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Morphine dependency impairs neural connectivity between the anterior cingulate and orbitofrontal cortices during endeavor-based decision-making
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  • Zahra Fatahi,
  • Mohammad Zibaii,
  • Ahmad Ghorbani,
  • Mirmohammadali Alizamini,
  • Abbas Haghparast
Zahra Fatahi
Shahid Beheshti University of Medical Sciences
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Mohammad Zibaii
Shahid Beheshti University
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Ahmad Ghorbani
Shahid Beheshti University
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Mirmohammadali Alizamini
Institute of Psychology Chinese Academy of Sciences
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Abbas Haghparast
Shahid Beheshti University of Medical Sciences

Corresponding Author:[email protected]

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Abstract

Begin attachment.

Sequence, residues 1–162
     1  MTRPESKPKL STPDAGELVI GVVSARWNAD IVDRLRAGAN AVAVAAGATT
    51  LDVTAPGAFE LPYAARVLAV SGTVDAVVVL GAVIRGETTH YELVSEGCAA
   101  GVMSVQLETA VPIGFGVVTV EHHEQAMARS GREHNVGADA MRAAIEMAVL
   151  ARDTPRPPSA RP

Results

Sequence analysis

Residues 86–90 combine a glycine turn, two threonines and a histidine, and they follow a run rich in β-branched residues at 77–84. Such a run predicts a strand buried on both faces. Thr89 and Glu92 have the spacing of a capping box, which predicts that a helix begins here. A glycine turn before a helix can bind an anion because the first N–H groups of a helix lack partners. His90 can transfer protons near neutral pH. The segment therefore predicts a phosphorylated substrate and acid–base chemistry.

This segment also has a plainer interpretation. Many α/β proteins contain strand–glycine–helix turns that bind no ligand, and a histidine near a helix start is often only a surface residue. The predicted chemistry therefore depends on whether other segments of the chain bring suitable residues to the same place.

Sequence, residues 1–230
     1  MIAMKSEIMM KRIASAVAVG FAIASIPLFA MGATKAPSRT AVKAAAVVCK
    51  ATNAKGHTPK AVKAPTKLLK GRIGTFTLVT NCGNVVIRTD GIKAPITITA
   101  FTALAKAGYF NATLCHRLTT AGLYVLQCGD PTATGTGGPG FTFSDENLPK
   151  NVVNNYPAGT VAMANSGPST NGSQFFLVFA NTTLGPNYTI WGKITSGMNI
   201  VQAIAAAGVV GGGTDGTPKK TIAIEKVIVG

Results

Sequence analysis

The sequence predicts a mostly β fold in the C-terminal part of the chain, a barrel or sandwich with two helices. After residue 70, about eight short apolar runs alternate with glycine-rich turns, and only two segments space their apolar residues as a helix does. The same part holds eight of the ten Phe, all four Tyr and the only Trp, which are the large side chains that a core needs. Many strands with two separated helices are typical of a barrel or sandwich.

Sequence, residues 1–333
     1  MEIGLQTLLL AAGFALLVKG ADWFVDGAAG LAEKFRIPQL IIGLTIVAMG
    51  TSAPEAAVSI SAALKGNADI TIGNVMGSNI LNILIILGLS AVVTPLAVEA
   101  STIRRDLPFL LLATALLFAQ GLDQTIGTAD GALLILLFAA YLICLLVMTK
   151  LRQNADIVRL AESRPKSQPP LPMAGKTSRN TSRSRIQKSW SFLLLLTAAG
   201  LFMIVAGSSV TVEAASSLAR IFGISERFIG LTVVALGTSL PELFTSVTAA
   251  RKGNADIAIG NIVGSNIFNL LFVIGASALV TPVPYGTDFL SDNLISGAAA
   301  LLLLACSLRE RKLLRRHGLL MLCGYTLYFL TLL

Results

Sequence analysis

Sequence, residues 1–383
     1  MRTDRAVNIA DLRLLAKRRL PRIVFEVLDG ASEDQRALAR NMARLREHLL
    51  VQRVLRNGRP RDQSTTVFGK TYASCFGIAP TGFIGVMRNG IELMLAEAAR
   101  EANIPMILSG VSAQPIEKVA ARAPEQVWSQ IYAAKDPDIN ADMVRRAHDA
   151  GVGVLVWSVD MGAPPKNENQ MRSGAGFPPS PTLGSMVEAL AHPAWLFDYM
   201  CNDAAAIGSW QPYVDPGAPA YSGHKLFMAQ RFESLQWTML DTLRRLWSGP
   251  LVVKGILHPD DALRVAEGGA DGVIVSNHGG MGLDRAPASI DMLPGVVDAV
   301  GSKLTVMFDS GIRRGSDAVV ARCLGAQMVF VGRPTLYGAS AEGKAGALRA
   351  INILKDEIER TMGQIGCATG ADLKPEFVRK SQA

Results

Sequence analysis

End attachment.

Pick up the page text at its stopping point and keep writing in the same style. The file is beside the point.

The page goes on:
Abstract Cost-benefit decision-making is a procedure by which an organism chooses among different choices when each choice indicates an operation linked to a different outcome. In addition, there is considerable evidence showing that opiates affect several aspects of cognition, including cost-benefit decisions. In the present study, we evaluated functional and neural synchronization between the orbitofrontal cortex (OFC) and anterior cingulate cortex (ACC) while value-based decision-making in pre-morphine dependency and morphine dependency times in rats. A T-maze decision making task with a differential expense (high vs. low endeavor) and remuneration (high vs. low remuneration) was performed and local field potentials (LFP) from the OFC and ACC were recorded simultaneously. Results demonstrated that neural simultaneity was seen in theta and low beta frequencies between both regions, when the animals chose high endeavor/high remuneration. However, while the rats preferred low endeavor/low remuneration in pre-morphine dependency time and morphine dependency time, neural synchronization was insignificant. The obtained findings clarified that functional connection and neural simultaneity between the ACC and OFC in theta and low beta frequencies has an essential role in endeavor-based decision-making, and disturbance of make a decision in morphine-treated animals is associated with changes in this frequency range in the OFC and ACC.